Some corrections to the above answer. Port-id and port-priority are different. One is configurable. The other is internally set. I'll make an attempt to answer your question below.
There has to be just 1 root port per switch. By definition , this is the port with the lowest path-cost to root.
- A path-cost is the sum of all port-costs along a given path. And
port-cost is set by the speed of the link connected to a given
Now lets look at your diagram. SW3 has 2 paths to the root, and both go through SW2. Assuming that both the links out of SW3 are the same speed, the port-cost is identical. So the path cost is the same out of both its ports. Now we need a tie-breaker, cuz we can have only 1 root port.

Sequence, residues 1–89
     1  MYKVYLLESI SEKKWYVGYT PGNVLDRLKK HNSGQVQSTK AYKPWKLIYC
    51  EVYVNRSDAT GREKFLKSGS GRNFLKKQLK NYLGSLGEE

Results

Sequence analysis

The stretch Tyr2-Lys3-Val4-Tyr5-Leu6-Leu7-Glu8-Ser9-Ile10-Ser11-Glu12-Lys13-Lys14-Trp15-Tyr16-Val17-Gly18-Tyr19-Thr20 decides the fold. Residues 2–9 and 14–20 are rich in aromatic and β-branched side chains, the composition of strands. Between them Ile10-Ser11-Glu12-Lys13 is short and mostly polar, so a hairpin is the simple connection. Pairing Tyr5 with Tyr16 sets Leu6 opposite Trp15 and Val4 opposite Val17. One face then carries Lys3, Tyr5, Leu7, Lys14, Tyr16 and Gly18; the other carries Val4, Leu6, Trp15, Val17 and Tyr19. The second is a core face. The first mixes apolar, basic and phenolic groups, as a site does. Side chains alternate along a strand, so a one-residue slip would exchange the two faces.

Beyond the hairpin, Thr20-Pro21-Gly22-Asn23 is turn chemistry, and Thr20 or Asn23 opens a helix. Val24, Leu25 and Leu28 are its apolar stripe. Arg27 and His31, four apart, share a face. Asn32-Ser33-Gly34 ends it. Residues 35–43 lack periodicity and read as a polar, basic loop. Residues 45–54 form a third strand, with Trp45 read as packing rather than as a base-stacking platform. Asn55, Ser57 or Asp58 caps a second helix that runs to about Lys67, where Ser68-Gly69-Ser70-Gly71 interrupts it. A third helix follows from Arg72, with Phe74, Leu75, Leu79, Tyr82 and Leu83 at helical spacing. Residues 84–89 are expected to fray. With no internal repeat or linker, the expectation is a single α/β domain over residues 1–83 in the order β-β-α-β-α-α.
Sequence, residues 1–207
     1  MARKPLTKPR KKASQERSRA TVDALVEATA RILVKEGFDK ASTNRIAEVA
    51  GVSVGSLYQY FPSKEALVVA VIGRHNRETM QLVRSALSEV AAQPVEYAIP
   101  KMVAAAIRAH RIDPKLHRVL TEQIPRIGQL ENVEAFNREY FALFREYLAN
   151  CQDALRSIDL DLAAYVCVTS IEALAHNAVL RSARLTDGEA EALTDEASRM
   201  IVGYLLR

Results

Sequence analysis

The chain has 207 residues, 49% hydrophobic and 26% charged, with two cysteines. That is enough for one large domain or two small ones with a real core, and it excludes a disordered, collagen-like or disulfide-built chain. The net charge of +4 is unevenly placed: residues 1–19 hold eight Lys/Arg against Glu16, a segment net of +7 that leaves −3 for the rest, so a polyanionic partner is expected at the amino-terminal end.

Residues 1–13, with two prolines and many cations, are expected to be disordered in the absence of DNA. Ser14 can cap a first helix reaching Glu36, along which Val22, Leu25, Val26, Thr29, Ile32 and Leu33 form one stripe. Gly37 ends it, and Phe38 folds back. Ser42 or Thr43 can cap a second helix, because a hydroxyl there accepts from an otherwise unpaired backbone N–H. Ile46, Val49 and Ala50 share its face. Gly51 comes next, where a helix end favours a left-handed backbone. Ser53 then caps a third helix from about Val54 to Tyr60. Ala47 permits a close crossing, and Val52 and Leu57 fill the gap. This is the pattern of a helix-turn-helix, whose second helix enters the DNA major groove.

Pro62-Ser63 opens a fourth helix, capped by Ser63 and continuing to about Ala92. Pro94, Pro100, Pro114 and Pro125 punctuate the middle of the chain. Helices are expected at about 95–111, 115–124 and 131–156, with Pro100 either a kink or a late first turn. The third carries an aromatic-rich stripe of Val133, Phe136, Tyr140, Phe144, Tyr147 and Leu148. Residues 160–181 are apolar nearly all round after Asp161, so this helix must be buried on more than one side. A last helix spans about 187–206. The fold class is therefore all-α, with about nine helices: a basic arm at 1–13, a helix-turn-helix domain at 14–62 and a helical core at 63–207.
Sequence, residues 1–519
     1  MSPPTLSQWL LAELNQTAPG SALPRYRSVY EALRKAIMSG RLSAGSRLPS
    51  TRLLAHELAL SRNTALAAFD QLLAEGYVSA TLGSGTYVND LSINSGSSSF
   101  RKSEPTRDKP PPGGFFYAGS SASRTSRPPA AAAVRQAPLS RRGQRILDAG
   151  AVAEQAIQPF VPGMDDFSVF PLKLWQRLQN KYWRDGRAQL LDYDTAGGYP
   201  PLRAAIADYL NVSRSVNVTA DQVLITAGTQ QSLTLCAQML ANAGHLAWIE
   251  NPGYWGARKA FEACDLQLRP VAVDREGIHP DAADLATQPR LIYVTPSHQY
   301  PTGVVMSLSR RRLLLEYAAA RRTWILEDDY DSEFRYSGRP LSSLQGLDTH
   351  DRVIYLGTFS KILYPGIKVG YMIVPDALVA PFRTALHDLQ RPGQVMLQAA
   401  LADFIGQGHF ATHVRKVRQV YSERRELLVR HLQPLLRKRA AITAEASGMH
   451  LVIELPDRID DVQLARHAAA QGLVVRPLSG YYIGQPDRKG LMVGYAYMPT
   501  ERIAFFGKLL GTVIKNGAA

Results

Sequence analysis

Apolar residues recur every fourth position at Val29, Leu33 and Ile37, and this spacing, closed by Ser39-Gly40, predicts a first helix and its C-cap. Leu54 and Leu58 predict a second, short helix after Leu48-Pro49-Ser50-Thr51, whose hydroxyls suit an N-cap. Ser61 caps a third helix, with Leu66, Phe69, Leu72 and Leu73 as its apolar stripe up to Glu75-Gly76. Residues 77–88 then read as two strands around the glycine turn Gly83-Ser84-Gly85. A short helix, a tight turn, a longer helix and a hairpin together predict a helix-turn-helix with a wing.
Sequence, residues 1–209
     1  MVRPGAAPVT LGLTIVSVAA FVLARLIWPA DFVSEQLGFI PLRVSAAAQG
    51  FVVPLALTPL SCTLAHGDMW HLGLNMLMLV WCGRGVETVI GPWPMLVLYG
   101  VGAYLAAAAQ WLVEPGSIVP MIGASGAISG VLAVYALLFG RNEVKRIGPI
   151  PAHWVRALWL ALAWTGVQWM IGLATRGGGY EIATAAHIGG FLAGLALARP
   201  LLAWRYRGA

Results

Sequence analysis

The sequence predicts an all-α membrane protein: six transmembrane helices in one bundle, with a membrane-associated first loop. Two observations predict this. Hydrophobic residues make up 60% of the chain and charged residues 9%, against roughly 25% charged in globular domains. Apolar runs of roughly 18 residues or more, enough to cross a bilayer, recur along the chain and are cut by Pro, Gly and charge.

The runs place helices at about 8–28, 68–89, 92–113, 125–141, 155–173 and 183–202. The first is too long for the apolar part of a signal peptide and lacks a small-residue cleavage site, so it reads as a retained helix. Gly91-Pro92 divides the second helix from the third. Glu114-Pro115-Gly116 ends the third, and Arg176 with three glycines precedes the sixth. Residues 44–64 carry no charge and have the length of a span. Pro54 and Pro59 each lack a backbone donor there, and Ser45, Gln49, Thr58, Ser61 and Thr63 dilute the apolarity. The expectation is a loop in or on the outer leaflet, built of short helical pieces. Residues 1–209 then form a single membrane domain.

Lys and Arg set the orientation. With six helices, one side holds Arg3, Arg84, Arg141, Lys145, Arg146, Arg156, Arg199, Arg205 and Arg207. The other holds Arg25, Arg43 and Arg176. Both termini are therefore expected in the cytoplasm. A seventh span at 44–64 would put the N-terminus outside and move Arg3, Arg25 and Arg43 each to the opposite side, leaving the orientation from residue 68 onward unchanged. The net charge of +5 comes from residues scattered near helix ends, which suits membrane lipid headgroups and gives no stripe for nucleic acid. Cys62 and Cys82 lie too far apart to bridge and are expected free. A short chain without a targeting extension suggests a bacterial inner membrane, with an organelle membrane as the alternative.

By default, STP uses the bridge-id of neighboring switch to break the tie. But since the neighboring switch is the same switch here (SW2), STP next uses port-priority of the neighboring switch to break the tie. This is something that can be manually configured. But lets say that in your case, its at default, and therefore at the same setting on both switches. So STP falls to something that has to be unique. And this final fallback is the internal port-id. This is not the same as the interface number (0/1,0/2..) but is an integer that is mapped to the interface number internally. And usually lower interface numbers, are mapped to lower ordered port-ids.